High-level Country Report to the United Nations Economic and Social Committee (ECOSOC) Humanitarian Affairs Segment
The United Nations ECOSOC Humanitarian Affairs Segment is holding a meeting to dis-cuss the issue of international migration. ECOSOC’s Humanitarian Affairs Segment is a unique platform that brings together UN Member States, UN organizations, humanitarian and development partners, the private sector and affected communities. Each June, they discuss and agree on how to best tackle the most recent and pressing humanitarian concerns. Interactive panel discussions and side events share the latest information on current opportunities and challenges. For this activity, countries will be invited so speak on migration issues as they relate to their country.
Examples of countries that can be used for this activity:
Americas: Columbia, Guatemala, Mexico, United States, Venezuela (and more)
Africa: Central African Republic, South Africa, Sudan, Uganda, Tunisia (and more)
Asia/Oceania: Bangladesh, China, Syria, Vietnam, Papua New Guinea (and more)
Europe: Germany, Greece, Italy, Romania, Turkey, United Kingdom, Ukraine (and more)
This interactive activity will take 1-2 two full class periods, depending on the size of the class and the time limits put on each presentation. It involves both oral and written work and includes work to be done in the classroom and work at home (as determined by the instructor).
UN Department of Economic and Social Affairs, Population Division — Country Profiles page found at https://www.un.org/en/development/desa/population/migration/data/estimates2/countryprofiles.asp
World Migration Report 2018 and 2020.
Each student in the class will role-play a High-level government official (‘delegate’) from one of a list of countries chosen by the teacher and/or the class. [Note: this activity can be modi-fied to have students work in pairs as country representatives]. Students will prepare a 2-3 (or de-termined by the instructor) minute oral presentation that will be delivered in front of the whole class.
• When speaking, students should avoid the First Person (I, me, my) and should always speak from the perspective of the country. (For example: “The delegate of Rwanda would like to speak on issues that relate to our country…” or “We believe that these issues are important for Mexico because…”)
• Each delegate should prepare a placard that will be placed on the desk in front of them for the duration of the activity.
• One student will serve as Chair of the Humanitarian Affairs Segment. While other students prepare their reports, he/she will prepare an introductory speech in which he/she outlines some of the most pressing issues surrounding the issue of migration around the world.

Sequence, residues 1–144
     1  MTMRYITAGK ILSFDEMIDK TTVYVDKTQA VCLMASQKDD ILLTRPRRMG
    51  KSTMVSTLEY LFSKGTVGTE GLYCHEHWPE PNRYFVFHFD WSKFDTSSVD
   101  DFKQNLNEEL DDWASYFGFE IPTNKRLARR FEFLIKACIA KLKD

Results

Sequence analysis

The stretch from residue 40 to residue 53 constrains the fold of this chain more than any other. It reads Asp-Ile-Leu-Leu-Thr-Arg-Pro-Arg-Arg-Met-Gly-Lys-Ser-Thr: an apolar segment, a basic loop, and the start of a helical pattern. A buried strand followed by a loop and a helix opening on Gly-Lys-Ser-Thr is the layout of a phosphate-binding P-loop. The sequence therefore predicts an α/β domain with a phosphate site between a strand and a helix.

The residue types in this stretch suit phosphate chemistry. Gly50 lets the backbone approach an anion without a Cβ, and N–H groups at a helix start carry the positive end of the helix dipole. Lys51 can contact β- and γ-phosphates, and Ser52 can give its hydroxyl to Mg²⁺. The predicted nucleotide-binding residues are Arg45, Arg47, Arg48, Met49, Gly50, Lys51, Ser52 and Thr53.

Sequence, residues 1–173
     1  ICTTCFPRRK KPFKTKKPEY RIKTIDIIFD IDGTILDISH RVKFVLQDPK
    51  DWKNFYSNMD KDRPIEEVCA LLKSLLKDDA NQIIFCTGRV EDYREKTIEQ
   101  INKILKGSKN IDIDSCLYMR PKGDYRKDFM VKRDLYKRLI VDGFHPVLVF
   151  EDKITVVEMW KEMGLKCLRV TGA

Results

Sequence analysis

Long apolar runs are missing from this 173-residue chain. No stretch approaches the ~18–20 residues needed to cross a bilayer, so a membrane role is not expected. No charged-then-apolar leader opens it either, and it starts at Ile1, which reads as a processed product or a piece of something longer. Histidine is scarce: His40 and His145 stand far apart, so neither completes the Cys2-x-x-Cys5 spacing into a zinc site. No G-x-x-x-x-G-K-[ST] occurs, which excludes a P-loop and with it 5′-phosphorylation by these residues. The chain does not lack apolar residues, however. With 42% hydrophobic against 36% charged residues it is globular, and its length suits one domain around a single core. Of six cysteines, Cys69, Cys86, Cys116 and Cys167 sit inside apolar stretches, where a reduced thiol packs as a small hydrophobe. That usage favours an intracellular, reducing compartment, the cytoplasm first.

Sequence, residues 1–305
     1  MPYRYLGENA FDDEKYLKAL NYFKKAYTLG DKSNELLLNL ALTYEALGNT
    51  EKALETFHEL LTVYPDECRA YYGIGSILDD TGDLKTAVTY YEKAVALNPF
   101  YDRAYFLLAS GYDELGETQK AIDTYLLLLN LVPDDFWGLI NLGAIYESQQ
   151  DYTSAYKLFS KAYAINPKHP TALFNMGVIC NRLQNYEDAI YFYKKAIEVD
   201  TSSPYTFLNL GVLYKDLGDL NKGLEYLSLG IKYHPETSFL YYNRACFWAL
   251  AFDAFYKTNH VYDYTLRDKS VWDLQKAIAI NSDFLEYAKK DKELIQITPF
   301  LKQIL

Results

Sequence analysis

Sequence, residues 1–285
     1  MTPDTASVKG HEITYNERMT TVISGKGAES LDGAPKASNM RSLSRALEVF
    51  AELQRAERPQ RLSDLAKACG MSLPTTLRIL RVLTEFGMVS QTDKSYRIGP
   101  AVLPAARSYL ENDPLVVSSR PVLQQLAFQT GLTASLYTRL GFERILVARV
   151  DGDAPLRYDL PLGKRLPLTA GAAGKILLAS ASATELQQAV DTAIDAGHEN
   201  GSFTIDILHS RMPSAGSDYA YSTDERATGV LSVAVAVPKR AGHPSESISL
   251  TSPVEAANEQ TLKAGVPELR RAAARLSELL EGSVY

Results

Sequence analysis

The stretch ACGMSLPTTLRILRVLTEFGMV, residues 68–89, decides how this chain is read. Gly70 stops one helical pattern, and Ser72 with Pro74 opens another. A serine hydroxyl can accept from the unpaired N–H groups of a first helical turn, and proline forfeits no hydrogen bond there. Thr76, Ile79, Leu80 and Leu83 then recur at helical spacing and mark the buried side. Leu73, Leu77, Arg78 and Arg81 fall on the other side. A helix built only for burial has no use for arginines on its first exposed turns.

Each country delegate will use the World Migration Report 2020 and other outside sources to prepare a presentation that addresses how international migration affects their coun-try.
Delegates should consider the following in their presentations:
• A summary of the migration issues in your country (including what types of migra-tion are most prevalent? Internal? Regional? International? Irregular? etc)
• If international migration is an issue, is your country primarily an ‘origin countriy, ‘transit country’, ‘destination country’ or any combination of the three? Where are people from your country going/coming from?
• What kinds of migrants are present in your country? (Examples: migrant workers, environmental mobility, Refugee and asylum seekers, Displaced peoples, Stateless people, and more)
• What are the most pressing challenges in the country as it relates to migration?
• What are some solutions to the pressing challenges present in your country?
Each delegation should also prepare a list of 3-4 specific international policies that could be imple-mented to help with various issues related to migration. These issues may involve migrants’ rights to healthcare, education, food, housing, etc; rights to safe passage through countries; rights re-garding family units; or other issues. These policy suggestions should be submitted to the Chair at the start of the meeting.
Students will arrange their seating into a circle if possible. Countries will take turns giving their presentations. At the conclusion of each presentation the Chair will entertain 2-3 questions from other members of the meeting. This will continue until all countries have had a chance to make their presentations.
After the presentations are finished, the Chair will introduce some of the recommendations that have been provided to him by each delegation. He/she will read the recommendation and then invite delegates to discuss and debate their merits; delegates should speak in favor or against the recommendation and make arguments for their positions. The number of recommendations dis-cussed will depend on time allowed by the instructor.
Students will write a 2 page response to this activity in which they reflect on what they have learned. The response should include a minimum of two important issues related to migration that need to be addressed as well as suggestions about how to address them.
Students will be graded on all aspects of this activity. Instructors will have discretion about how to grade the activity and should make assessment elements known to the class before the activity begins.
• Oral presentations
• Questions asked and/or responses to questions
• Participation in the debate portion of the activity
• Written activity
• Integration of module material